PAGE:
Why Prix-Fixe Menus Work for Restaurants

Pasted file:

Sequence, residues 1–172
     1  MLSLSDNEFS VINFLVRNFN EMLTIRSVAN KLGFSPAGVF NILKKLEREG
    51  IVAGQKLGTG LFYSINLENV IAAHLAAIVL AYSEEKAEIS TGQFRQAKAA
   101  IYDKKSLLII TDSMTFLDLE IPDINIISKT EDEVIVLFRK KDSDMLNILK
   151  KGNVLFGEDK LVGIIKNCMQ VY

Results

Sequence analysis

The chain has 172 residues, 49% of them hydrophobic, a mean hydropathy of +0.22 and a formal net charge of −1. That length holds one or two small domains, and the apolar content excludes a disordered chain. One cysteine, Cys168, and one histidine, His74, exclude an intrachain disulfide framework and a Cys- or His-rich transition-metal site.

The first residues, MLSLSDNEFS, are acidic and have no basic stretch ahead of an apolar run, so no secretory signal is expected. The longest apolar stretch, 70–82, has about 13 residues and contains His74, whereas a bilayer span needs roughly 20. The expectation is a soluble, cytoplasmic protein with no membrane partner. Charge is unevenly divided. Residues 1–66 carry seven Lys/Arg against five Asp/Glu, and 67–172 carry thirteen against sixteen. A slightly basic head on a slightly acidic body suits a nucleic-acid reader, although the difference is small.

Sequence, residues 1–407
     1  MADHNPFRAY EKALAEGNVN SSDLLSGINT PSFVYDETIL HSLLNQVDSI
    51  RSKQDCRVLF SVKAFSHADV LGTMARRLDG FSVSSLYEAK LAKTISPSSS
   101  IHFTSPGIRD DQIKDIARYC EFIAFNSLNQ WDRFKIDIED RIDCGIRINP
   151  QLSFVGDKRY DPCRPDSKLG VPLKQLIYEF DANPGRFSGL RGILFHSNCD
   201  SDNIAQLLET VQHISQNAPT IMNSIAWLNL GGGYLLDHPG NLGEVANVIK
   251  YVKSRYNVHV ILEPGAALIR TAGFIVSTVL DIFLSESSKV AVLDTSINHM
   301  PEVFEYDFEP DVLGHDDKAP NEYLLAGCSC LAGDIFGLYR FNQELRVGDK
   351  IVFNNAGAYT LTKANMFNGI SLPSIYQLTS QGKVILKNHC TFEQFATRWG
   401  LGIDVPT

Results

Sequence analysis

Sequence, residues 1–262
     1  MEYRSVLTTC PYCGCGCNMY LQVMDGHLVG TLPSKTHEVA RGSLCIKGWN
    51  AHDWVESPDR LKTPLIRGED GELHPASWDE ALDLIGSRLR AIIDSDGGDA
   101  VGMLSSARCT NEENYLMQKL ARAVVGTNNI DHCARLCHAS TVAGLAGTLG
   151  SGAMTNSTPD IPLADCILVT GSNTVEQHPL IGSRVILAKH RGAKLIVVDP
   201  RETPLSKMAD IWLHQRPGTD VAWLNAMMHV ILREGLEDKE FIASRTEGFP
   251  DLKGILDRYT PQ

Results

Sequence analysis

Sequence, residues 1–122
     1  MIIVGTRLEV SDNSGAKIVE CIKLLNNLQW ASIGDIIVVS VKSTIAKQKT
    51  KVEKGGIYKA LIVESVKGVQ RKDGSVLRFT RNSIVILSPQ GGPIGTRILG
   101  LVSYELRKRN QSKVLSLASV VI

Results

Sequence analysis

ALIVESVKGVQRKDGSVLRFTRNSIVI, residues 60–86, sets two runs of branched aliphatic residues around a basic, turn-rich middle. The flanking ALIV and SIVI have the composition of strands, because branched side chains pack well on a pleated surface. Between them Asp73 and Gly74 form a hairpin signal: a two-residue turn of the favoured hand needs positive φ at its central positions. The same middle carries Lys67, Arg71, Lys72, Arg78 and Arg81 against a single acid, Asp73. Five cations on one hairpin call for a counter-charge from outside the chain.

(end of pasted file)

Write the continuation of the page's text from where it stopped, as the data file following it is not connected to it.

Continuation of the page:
(Inc.) — It may have been frigid outside, but three girlfriends and I weren’t feeling the cold as we enjoyed a scrumptious feast at the Michelin-starred restaurant The Modern one recent night in New York City. Spicy steak tartare, grilled monkfish, crispy duck confit and homemade Alsatian sausage were among the delicious, generously portioned offerings, paired with lovely wines and finished with luscious desserts (why hello there, hazelnut dacquoise!) that we couldn’t resist sharing. The best part? Our meals (sans wine and tip) came to just $35 per person. How is this possible? Ah, that’s the beauty of Restaurant Week, currently taking place in New York City, and generator of “approximately $6 million in revenue for our city’s restaurants” in 2010, according to NYC & Company CEO George Fertitta. But while The Modern has one of the best RW deals around—they offer their entire bar room menu, as opposed to a just few select dishes, at a bargain price—it isn’t always the ambrosial experience that my girlfriends and I experienced: A few days later, I had a RW lunch (the prix fixe price is $24.07 during the day) at Quality Meats in Midtown. My overcooked scallops appeared suspiciously quickly after I ordered, followed by a borderline raw steak with simple scoops of ice cream for dessert. Disappointing.